CLEANING

Cleaning is one of those activities that can utterly bring an otherwise motivated busy individual to a complete standstill. I become completely paralyzed when tasked with the demonic CHORE of cleaning my house and I know I cannot for the life of me defend that. It just is. In fact, cleaning sort of kills my spirit.

 

Monotonous, tedious, repetitive, overwhelming, pointless

 

I know that not liking to clean is not unique to ADHD; I know a few people with ADHD who are ultra-clean. But for many more, it’s an issue. As an ADHD coach, I have decided that this must be because the job is SO insanely BORING.

 

Mostly because whatever the task, it will have to get done again, and soon. For example, I do not make our bed. Fortunately, my husband doesn’t care because he doesn’t either. We agree, we’re just going to hop back in it sometime before the day is over, so why bother? The laundry has a similar story; however, my family does wear their same clothes weekly, so, if over seven days pass, the only thing that happens is that the loads become bigger. Grocery shopping is also annoying. As I go up and down the aisles of my local market I think, “Was I not JUST here?” Maybe its immaturity, but whatever the case, I am resigned to not being a super-cleaning-mom and so is my family.

 

Now, I see myself as being in the middle. So, we have the super-squeaky clean, the middle of the road, and lastly, let’s discuss the HOT MESSY. Yes, maybe it sounds insulting, but it’s more fun to say than just mess. I know several hot messy homemakers. They actually border on hoarder. There is no cleaning the dishes every night, no mopping floors, no dusting. None. I know one who pays a maid service to come in about twice a year with bulldozers to clean up after their tsunami. Other than not cleaning though, she’s a devoted mother of four who is non-stop busy. She’s running one of the four somewhere every day after school, and she’s a brilliant chemistry teacher, making a great salary, responsibly working every day during the school year and being the fun mom all summer.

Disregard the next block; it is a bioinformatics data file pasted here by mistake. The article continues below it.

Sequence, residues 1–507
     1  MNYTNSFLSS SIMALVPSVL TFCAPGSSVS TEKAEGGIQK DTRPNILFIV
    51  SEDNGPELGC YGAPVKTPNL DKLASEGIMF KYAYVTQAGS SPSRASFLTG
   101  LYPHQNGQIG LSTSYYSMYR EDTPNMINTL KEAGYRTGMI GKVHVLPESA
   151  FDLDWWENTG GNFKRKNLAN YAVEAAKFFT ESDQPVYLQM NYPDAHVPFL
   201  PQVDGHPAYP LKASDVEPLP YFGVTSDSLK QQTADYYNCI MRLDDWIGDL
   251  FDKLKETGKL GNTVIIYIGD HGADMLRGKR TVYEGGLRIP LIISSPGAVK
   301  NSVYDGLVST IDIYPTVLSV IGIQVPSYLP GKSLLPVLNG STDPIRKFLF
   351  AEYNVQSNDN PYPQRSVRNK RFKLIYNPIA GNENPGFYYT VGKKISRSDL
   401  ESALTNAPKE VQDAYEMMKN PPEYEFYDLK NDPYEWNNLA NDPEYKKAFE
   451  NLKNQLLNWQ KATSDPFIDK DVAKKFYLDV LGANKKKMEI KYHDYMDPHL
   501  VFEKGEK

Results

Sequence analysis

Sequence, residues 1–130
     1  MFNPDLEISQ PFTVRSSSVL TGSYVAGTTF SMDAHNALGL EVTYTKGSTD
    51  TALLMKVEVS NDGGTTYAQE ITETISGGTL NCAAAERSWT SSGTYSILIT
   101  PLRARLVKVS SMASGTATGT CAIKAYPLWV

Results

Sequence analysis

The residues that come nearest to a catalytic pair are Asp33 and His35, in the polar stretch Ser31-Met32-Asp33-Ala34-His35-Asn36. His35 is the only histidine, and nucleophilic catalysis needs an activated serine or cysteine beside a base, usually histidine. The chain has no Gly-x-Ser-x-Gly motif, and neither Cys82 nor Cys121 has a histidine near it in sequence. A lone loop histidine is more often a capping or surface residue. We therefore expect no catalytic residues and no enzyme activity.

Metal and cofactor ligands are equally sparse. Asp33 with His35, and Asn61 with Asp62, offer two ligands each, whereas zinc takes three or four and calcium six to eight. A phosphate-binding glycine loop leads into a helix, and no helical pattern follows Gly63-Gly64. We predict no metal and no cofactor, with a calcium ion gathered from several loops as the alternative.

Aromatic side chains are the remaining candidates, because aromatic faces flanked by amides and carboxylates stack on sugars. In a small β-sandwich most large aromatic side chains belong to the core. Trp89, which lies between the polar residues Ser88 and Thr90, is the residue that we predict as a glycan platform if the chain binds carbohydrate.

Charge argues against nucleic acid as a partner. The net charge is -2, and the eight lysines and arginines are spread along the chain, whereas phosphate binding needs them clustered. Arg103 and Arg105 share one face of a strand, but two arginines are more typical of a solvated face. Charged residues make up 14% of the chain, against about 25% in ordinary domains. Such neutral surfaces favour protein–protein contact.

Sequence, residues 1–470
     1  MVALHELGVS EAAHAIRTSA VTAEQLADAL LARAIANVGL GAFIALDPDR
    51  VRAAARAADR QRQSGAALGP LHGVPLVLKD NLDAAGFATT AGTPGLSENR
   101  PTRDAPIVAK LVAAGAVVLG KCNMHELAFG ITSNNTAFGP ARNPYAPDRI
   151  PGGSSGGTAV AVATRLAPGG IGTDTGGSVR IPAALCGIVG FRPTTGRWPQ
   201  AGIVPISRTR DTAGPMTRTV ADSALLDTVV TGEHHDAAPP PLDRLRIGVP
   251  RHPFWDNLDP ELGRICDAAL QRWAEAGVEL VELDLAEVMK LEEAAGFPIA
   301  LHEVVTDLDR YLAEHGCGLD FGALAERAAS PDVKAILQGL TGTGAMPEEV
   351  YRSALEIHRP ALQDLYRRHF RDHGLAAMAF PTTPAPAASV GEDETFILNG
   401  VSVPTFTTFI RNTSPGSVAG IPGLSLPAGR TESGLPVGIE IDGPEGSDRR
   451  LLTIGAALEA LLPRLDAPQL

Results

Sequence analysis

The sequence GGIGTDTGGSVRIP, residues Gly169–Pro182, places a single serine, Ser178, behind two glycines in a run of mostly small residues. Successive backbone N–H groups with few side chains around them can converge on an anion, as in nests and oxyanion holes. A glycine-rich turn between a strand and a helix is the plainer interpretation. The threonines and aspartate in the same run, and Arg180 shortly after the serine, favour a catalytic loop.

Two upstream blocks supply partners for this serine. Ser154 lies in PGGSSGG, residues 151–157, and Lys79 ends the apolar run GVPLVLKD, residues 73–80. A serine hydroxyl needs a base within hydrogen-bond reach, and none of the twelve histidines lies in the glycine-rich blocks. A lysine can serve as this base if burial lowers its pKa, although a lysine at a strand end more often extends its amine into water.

So, ultimately, the latter group is to whom I speak. There is help. There is really fun help, Marla Cilley, who goes by FlyLady. I have to commend her, she is a self-proclaimed reformed clutterholic and believes, “We all know how to clean. It’s the motivation part — to get up and do it — that keeps us on our backsides.” No reason to feel guilty about failing to be the perfect housekeeper, she says. “Housework, even done incorrectly, still blesses the family.” What I like best about her strategy is that she is all about Baby Steps and her language is super fun, she gives you ‘Flying Lessons.’ She also says just give each step 15 minutes and stop. If you sign up with her, you get daily emails on what to do, what to do next, and how to do it with the first being to Shine Your Sink. I encourage everyone to hook up with FlyLady.

 

Lastly, please know that as someone with ADHD, you can just loose all the guilt and bad feelings associated with the shame that comes from not being of the super-squeaky clean persuasion. The ADHD brain is not wired for monotonous, boring agenda. That doesn’t mean you can’t creatively figure it out though.

 

Solution: Make cleaning fun. Maybe have a ‘run-around’ for only 10 minutes. Set a timer and FLY…see what you get started, heck, see what you get done.

 

And like FlyLady, I agree. 15 minutes in this area is enough, especially if you can do 15 minutes a day with some consistency.

 

Suggestion: Give it a try. Enlist an accountability agent, a coach, a friend, a family member, to check-in and see how these mini-sessions are working for you!

 

This article was adapted from Conquer Your Clutter — Now! by Rick Hoges from ADDitudeMagazine.com.

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